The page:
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Sunday, May 27, 2018
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Wharton: Sure seems Tate was born to be a star

— Heanon Tate always knew his son, Auden, was capable of performing incredible feats.

“When he was 2 years old, I told my wife he was going to be 6-foot-5,” Tate said. “Everybody thought I was crazy, but I said he was going to be 6-5 and he’s going to be able to do whatever he wants to do.”

Tate recalled a moment when 2-year-old Auden jumped down a stairway at their church and broke his foot. As he’s crying, Heanon said his son, while injured, climbed back up the stairs to jump again.

A week later, sporting a cast, Auden was once again at the top of the stairway, ready to leap.

“He’s always had that ability do to things and stuff didn’t scare him,” Heanon said.

So far, nothing has changed.

Standing 6-5 and weighing 205 pounds, Tate is regarded as one of the best receivers in the country.

As a junior at Wharton, he burst onto the scene with 815 receiving yards and five touchdowns. Weeks before the season, he verbally committed to Florida State and is planning to graduate from high school early to enroll at FSU in January.

Chase Litton, the quarterback who targeted Tate every Friday night last season, has graduated. This year, Tate understands his role is be a leader first.

“I feel like the quarterback we have now, we have two, and they’re real young so they’re going to progress,” Tate said.

“It’s my job to help them feel comfortable in the offense. I feel like they’re ready.”

• Snapshots


Bryce Martin served as the backup quarterback to four-year starter Chase Litton last season. Now a junior, he has two years to make the offense his own. Easing his transition into the starting role will be 6-foot-5 receiver Auden Tate.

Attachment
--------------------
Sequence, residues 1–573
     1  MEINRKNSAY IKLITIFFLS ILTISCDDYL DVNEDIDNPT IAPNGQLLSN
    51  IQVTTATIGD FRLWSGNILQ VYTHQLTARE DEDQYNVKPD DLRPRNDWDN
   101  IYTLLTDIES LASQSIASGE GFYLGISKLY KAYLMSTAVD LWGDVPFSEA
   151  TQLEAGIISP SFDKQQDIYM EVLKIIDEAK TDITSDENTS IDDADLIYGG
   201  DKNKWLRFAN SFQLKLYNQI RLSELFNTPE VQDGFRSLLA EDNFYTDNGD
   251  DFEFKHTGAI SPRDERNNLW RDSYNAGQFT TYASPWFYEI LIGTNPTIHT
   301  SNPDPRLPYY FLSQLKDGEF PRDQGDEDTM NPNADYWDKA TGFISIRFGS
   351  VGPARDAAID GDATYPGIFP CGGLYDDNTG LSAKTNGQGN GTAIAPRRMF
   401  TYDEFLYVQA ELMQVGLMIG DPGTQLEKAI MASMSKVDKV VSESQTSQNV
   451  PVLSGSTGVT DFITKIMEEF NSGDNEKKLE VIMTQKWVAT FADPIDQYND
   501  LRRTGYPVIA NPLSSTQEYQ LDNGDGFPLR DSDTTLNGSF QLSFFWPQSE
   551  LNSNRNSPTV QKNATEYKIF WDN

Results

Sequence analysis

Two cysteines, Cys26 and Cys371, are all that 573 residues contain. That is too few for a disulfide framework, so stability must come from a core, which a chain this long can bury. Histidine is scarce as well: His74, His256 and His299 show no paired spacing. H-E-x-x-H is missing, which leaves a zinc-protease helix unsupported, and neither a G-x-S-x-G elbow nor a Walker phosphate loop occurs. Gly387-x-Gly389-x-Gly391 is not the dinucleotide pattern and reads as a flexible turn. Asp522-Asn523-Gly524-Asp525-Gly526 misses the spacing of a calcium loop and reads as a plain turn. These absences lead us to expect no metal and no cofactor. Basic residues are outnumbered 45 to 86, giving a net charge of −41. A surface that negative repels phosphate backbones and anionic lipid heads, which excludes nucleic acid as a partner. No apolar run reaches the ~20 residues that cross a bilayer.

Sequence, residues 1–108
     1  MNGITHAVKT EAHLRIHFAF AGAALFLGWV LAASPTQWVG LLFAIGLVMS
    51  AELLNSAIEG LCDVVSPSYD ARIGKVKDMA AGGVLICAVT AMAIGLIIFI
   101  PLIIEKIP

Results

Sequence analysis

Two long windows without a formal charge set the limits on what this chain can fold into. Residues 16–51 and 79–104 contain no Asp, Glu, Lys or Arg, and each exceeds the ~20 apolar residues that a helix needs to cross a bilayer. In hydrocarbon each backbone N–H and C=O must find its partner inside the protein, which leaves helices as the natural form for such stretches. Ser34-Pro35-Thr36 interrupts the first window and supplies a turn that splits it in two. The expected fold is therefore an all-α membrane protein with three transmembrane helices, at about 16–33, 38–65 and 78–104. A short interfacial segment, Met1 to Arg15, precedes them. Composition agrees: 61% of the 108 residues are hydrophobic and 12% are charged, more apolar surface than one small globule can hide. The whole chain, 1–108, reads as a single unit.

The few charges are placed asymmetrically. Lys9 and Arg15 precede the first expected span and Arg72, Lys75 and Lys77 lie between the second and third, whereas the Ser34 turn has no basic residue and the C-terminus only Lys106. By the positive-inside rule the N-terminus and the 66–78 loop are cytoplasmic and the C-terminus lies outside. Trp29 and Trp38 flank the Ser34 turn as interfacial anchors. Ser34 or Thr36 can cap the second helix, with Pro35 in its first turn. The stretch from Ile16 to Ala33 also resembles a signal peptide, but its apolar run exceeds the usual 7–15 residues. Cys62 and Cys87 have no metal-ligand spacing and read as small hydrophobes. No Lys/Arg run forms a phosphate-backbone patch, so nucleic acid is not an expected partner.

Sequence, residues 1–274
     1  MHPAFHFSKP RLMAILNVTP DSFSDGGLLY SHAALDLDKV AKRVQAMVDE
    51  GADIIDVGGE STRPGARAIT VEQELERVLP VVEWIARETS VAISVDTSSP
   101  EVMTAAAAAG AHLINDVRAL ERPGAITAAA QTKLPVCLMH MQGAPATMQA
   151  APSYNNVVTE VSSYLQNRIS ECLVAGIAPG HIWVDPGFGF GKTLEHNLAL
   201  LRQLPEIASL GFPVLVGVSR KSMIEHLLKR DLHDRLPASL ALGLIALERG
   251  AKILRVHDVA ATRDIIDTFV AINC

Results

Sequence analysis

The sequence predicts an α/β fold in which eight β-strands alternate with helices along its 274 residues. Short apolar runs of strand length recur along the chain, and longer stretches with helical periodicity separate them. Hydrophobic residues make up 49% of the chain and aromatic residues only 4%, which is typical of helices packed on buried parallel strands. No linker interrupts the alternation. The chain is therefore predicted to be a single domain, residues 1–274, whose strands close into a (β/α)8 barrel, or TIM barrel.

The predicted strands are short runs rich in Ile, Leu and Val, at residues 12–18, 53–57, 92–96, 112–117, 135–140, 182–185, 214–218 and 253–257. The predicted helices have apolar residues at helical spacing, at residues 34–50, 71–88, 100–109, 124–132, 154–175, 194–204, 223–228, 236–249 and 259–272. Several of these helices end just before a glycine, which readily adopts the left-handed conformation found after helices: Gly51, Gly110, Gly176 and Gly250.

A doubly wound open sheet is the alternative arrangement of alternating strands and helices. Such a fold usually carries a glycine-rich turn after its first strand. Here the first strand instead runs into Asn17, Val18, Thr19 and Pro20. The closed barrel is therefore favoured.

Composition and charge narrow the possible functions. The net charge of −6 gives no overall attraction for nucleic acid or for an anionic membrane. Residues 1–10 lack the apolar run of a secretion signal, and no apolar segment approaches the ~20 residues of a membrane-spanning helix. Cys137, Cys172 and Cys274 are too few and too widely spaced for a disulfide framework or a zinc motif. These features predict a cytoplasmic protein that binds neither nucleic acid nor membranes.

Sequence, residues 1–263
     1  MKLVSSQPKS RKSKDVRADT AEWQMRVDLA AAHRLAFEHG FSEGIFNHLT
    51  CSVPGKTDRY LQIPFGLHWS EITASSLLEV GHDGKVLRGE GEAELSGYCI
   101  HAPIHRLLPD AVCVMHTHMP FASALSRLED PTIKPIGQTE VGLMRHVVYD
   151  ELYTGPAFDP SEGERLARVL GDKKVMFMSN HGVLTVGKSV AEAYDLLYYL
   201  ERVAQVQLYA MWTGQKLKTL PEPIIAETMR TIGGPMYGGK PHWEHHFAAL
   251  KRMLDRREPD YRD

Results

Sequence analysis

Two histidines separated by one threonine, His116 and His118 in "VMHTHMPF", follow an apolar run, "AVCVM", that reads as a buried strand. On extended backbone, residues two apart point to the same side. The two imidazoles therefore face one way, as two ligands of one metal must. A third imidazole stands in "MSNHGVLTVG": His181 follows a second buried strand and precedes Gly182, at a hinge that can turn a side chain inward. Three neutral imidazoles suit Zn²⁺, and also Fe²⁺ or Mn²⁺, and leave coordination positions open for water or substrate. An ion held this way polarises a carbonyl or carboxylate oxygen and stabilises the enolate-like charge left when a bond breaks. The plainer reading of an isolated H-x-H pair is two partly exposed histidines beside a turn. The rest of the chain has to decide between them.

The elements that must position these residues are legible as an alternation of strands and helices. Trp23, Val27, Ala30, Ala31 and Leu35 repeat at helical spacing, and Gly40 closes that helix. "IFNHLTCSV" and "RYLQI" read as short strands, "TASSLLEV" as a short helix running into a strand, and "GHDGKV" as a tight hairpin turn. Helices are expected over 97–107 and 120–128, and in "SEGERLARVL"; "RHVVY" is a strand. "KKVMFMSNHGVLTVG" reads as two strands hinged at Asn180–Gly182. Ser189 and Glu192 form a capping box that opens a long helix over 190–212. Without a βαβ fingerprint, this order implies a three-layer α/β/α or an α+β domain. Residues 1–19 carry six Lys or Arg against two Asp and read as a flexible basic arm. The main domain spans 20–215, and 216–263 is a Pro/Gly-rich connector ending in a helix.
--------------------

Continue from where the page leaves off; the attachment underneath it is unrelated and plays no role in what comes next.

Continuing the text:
Head coach David Mitchell is hoping opposing teams will focus on Tate, leaving other receivers open down field.

“If (Tate) is able to get open in the slot route, it will open up coverage,” Mitchell said. “If he’s in double coverage, it makes it a cat-and-mouse game and better for us.”

Torrez Nesbit, a transfer from Michigan, is expected to replace Jeff Keil at running back.


Juniors Godey Coleus and Richard Drummond return on the defensive line, both coming off solid sophomore seasons. Drummond led Wharton in sacks with 3.5, while Coleus had two sacks.

Wharton’s secondary might be its strongest unit, Mitchell said, with Ozzi Williams and Miles Williams. Ozzi Williams tied for the team lead with three interceptions last season and will rotate from cornerback to safety.


Wharton had one of the more-challenging seasons of any team last year, losing teammate Sean McNamee to a life-threatening head injury suffered before a practice, losing starting defensive lineman Antonio Joseph to injury, and losing two consecutive district games to force a must-win situation in the regular-season finale against Bloomingdale.

The Wildcats overcame it all, though, defeating Bloomingdale in a come-from-behind win to clinch a playoff berth as the district runner-up. Though Wharton will be young, momentum from last year’s playoff run should carry over to this year’s team.

• About the Wildcats

Stadium: Mitchell D. Muley Stadium, 20150 Bruce B. Downs Blvd., Tampa

Class-District: 8A-6 (with Alonso, Bloomingdale, Newsome, Plant and Riverview)

Coach: David Mitchell (53-44, ninth season)

Last season: 7-4

• Schedule

Aug. 29: at Spoto

Sept. 5: Plant City

Sept. 12: Freedom

Sept. 19: at Riverview

Sept. 26: at East Bay

Oct. 2: Newsome

Oct. 10: Steinbrenner

Oct. 17: at Alonso

Oct. 24: at Plant

Oct. 31: Bloomingdale

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